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Amid hard times faced by hospitals, IoT can help

Amid hard times faced by hospitals, IoT can help
Hospitals worldwide are facing various difficulties and challenges, including a nursing and staff shortage. This means doctors, nurses and staff are faced with more work as demands for healthcare rise. Increasingly, hospitals turn to connected devices, which form an “Internet of Health Things” that can help operators improve operational efficiency and patient care.
The nursing shortage facing hospitals has become a serious issue. Citing the US Bureau of Labor Statistics, the Atlantic reported that 1.2 million vacancies will emerge for registered nurses between 2014 and 2022. Such shortage brings negative consequences to hospitals.
“Beyond the effects of policy and regulatory changes, hospitals face growing pressure to increase labor productivity in an effort to begin bending the cost curve. For example, there is pressure to reduce costs and improve quality from changing pay structures, while at the same time workforce shortages are creating challenges for hospitals trying to meet industry growth and demand,” said Brian Kalis, Managing Director of Digital Health and Innovation at Accenture
“One of the biggest challenges that hospital operators are facing is overcrowding – hospitals are becoming fuller with more and more patients needing extended stays and long-term monitoring of their condition. This is stretching the healthcare workforce as they need to care for a larger number of patients,” said Stephanie Lawrence, Research Analyst at ABI Research.
Today, connected devices that form the Internet of Things can help healthcare facilities in this regard, making them more efficient, responsive to patient needs, secure and energy-saving. “IoT technologies and networked sensors can be implemented to tackle some of the most common problems weighing down on hospitals and health systems. By introducing more connectivity, remote monitoring and information gathering, Internet of Health Things (IoHT) can encourage better use of healthcare resources, more informed decisions, a reduction in inefficiencies or waste and the empowerment of health consumers,” Kalis said.
One way hospitals can benefit from this Internet of Health Things is improved operational efficiency, enabling staff to do more with less. “Wearable devices give healthcare professionals the ability to monitor the health of a number of patients at the same time, whilst still completing other tasks. This improves their efficiency as they are not required to check each individual’s healthcare vitals periodically throughout the day,” Lawrence said.
There are a variety of sensors that are already in use in hospitals, many of which can be found in a typical patient room. “Temperature sensors are in thermometers to record body temperature. Pulse oximeters monitor blood-oxygen levels. There are sensors for detecting heart rate, respiratory rate, and other physiological monitoring,” said Patrick Ng, VP of Business Development and Clinical Operations at MedicusTek.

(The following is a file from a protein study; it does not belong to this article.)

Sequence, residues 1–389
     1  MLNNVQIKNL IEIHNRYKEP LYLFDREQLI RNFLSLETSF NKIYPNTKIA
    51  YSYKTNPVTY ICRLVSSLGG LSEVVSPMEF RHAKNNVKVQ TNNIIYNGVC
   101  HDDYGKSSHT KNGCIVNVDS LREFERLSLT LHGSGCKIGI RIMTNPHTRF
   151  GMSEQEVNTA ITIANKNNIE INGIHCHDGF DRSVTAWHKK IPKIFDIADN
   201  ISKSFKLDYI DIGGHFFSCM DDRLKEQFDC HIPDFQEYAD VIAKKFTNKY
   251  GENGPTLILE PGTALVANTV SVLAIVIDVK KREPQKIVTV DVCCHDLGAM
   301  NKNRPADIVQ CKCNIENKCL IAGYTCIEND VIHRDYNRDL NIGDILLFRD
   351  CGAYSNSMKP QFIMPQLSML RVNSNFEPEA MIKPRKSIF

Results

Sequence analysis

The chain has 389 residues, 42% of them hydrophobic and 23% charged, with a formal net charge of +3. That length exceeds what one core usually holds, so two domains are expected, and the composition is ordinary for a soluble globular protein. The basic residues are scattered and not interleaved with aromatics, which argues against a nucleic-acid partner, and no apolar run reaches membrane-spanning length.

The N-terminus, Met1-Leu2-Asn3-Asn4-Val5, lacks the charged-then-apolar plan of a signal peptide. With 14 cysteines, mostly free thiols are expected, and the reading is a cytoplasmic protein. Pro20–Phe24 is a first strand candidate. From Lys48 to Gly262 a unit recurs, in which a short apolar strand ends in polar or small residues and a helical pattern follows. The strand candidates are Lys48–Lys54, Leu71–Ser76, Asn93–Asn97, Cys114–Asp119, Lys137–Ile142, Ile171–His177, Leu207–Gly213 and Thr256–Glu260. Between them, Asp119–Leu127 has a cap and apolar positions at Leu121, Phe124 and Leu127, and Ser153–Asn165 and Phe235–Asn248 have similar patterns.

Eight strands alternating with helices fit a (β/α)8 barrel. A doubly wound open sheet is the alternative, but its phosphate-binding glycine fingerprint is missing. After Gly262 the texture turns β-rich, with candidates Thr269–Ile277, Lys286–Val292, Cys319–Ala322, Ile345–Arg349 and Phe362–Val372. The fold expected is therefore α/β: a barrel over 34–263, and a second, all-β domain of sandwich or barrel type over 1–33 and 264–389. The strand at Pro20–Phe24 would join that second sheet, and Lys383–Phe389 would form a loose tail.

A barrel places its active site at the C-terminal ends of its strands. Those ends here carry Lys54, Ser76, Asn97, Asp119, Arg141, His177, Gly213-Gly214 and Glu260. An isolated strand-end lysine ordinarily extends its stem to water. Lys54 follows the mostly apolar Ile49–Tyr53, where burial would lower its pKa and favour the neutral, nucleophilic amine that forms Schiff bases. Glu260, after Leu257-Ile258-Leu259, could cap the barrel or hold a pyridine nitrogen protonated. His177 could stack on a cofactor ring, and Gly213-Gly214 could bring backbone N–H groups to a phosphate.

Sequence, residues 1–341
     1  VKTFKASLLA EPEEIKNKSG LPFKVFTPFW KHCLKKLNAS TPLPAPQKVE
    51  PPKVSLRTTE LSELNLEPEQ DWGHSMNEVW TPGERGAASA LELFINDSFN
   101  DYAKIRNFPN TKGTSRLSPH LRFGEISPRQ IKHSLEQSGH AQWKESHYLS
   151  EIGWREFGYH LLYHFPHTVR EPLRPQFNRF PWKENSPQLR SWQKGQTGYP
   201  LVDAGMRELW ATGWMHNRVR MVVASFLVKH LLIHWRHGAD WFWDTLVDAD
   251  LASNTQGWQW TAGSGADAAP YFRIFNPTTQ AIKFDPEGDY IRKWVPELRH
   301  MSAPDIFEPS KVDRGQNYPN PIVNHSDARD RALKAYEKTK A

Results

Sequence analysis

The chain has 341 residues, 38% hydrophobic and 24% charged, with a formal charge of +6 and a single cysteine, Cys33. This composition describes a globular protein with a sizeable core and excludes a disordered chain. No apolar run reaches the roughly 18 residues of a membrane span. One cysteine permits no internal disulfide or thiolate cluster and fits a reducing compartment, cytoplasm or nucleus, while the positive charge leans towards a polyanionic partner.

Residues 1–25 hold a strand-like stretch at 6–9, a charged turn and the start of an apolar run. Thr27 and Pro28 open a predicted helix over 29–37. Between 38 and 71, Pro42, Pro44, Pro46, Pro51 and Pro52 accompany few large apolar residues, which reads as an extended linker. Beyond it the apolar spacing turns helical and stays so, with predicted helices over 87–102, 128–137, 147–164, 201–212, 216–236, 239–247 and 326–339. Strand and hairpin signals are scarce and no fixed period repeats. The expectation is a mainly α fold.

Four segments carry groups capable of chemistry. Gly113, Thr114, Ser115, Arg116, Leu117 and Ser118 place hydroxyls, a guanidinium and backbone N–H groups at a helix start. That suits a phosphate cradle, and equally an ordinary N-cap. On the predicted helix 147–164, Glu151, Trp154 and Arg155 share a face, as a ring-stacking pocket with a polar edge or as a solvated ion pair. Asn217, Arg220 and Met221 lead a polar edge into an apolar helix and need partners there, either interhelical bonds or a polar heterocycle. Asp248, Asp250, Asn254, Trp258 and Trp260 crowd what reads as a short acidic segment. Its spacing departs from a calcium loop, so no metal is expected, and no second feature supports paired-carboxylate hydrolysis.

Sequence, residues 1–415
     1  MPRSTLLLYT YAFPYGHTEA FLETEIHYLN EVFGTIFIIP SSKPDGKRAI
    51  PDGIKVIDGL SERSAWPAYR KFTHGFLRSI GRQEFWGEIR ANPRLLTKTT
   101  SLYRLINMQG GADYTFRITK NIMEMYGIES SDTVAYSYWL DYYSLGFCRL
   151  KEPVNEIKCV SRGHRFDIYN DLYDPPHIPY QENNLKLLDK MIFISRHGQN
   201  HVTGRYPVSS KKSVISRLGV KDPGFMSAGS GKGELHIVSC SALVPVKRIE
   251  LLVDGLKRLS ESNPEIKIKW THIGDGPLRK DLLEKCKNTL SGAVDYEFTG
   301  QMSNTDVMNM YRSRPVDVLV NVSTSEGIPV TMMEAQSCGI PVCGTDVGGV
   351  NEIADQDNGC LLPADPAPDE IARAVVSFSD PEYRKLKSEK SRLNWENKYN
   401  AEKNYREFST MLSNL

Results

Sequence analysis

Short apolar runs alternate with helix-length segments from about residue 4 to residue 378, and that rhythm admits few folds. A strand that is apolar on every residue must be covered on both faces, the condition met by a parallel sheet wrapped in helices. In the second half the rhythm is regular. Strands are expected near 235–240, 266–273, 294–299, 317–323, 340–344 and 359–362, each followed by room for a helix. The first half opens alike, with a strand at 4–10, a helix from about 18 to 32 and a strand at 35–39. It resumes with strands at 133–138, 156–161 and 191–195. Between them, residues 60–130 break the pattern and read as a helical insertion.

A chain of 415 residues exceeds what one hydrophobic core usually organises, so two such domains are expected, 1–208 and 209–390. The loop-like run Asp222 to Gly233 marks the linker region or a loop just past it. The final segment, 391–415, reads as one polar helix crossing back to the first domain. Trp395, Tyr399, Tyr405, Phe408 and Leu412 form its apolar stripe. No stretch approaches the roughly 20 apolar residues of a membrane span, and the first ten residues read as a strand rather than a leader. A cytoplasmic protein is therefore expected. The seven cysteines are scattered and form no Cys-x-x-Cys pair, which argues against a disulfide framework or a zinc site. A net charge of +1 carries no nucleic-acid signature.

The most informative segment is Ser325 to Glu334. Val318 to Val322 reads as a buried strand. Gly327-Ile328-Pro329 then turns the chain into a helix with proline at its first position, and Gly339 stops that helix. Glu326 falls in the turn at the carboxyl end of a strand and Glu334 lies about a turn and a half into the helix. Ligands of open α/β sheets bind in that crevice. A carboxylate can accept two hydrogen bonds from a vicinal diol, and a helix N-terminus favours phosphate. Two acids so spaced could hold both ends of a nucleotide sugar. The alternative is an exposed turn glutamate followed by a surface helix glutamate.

Ng’s company offers various solutions that can help hospitals meet their efficiency improvement needs, ensuring that staff and resources are used most effectively. “Our technology allows caregivers to provide just-in-time care before a patient safety incident occurs. Current bed alarm systems usually are triggered when the patient is leaving the bed or is already out of the bed. As a result, nurses often have insufficient time to intercept a bed fall. Our IoT/sensors are able to provide nurses with an actionable response time to intercept potential falls. By using sensors, hospitals do not need sitters (people who sit in patient rooms to ensure they don’t fall out of bed) and can better utilize their staffing and resources,” Ng said.
Regarding pressure injuries, IoT can also help free up nursing time using sensors and analytics. “Nurses reposition patient about every two hours to prevent pressure ulcers. These efforts can be time intensive. Our system continuously monitors for unrelieved pressure between the patient and the bed,”Ng said. “If a patient moves and successfully repositions themselves, the two-hour timer can be reset and nurses can concentrate on taking care of the patient in other ways. However, when a nurse does need to reposition a patient, they can look on a screen that visually maps the pressure accumulated between the patient’s body and the sensors. Nurses can reference this map to see if repositioning a patient has properly relieved the pressure.”
Finally, a valuable asset in the age of IoT is data, which can also help with hospital workflow efficiency. “Our system tracks when and how often each alert is triggered, and how long it took for nursing staff to respond to the alerts. The system also tracks when each patient is repositioned. This increases accountability in the nursing workflow, and can inform management on staffing quality and levels. Our data analysis generates regular reports that can be referenced in making decisions about hospital operations and staffing,” Ng said.

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